Everyday people have bills to pay, money to make, significant others to be held accountable to, and death to shorten our time horizon. When I talk to individuals, I always try to help them define the time horizon they need to make money in the stock market. Hopefully it is 5, 10 or 20 years that they need to make a certain sum of money in the stock market. Why? That allows a short term loss. A $5 drop in the stock you bought yesterday does not matter as much in the big picture. Nobody likes to lose money but remember nobody is right 100% of the time either. Understanding the time horizon gives you a different perspective to the short term losses that may occur. I’m not a fan of day trading, swing trading or the riskier commodities, forex or single option trades. Too much risk for the everyday person. When you lose you are booking a loss with no way to regain the loss without starting over. The most important thing to understand is that you need a larger percentage gain to make up for a loss.
I recently was asked about Disney (DIS) and why I purchased more shares at $115 a share. Well, it was $8 cheaper than the yearly high at almost $123. They have Star Wars coming out and my metrics say it will significantly add to their earnings. They have pricing power and continue to raise prices for their theme parks. ESPN has lost viewers but still has a huge following that watch the program faithfully. Cruise ships are making money, toy sales are great and the movie division is knocking it out of the park. Based on past history and with the future lineup of movies, I feel they have a reason to move higher. Now, I do know past history never guarantees future results. I also know that some say the stock is fairly priced but I see room to run based on my fundamental research. It is my best educated guess and I’m going to stick to it. Why? My time horizon is to see it run over the next 6 months. In the next six months I would expect DIS to be higher due to the profits from Star Wars and Christmas shopping. Of course I am wrong today but tomorrow I could be right again. I didn’t spend every penny I had on DIS. I have other positions in the portfolio and I also have other cash on hand. I can buy more shares and dollar cost average. I have a time horizon that extends into the first half of next year.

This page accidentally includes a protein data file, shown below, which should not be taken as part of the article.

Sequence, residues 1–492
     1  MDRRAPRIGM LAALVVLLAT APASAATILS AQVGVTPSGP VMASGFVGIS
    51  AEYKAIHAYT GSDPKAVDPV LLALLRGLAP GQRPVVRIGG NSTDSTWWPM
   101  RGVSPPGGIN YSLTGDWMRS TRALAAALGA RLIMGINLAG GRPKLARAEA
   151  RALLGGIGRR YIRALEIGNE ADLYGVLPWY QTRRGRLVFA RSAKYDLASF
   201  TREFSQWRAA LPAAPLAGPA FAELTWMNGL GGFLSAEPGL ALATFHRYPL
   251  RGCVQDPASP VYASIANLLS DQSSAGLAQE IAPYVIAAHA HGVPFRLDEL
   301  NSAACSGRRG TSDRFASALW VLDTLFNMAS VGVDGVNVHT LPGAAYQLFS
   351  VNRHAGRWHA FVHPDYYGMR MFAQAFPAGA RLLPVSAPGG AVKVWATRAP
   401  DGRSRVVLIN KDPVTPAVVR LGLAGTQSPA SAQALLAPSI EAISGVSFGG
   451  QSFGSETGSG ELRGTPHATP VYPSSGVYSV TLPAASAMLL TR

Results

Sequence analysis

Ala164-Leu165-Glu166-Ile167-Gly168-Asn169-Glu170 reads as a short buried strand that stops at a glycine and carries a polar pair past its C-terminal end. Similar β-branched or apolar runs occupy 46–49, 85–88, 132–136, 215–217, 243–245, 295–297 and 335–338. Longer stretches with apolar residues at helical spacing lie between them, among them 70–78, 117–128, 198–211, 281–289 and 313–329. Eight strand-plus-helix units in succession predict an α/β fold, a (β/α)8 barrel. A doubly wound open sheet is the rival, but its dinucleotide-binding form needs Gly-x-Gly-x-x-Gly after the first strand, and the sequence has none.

“But Kevin the Fed FOMC meeting is next week and the stock has now fallen $7.50 from where you bought it at. Why not buy it after the meeting”? Well, DIS has a past history of bucking the market trend and moving bullish in times of uncertainty. More importantly, I always insure my stock positions as I first enter the position with the long put. I buy the right to sell a stock at a certain price for a certain period of time. When I bought the new shares at $115 I also bought the right to sell the shares for around $4 a share. Why? Well when I buy share of stock every penny invested is at risk. I feel more comfortable when I have 96% or more of my total invested capital protected. DIS has an x-date where stock ownership on the 10th of December allows you a dividend payment of $0.71 on January 11, 2016. My protection allows me to be wrong and not take a huge hit in my portfolio. Anything I can make on the way down is a profit as the stock comes back up in price. When I can’t afford the insurance I use a little trick to pay for the insurance to get me through the earnings event. I honestly have to admit to myself I can’t predict the tops and bottoms of the waves of price movement.
In placing a trade or investing in a stock we always need an exit strategy. In all honesty the exit strategy defines the trade. Some look at probabilities which is another way to state herd mentality on when to get out of positions. The whole Fibonacci, Elliot Wave Theory and technical analysis are all based on the herd mentality way of thinking. I believe an exit plan has to be decided, written down and pre-planned before the trade is even placed. When I first started I wrote down every position I was going to get into. I would write out by hand my dollar figure and profit percentage I would make in the trade. I had certain pricing points that would trigger an exit or an adjustment to the trade. Spread trading is a great way to create wealth. Eventually you care more about protecting what you’ve earned instead of just making more money and your style of trading changes.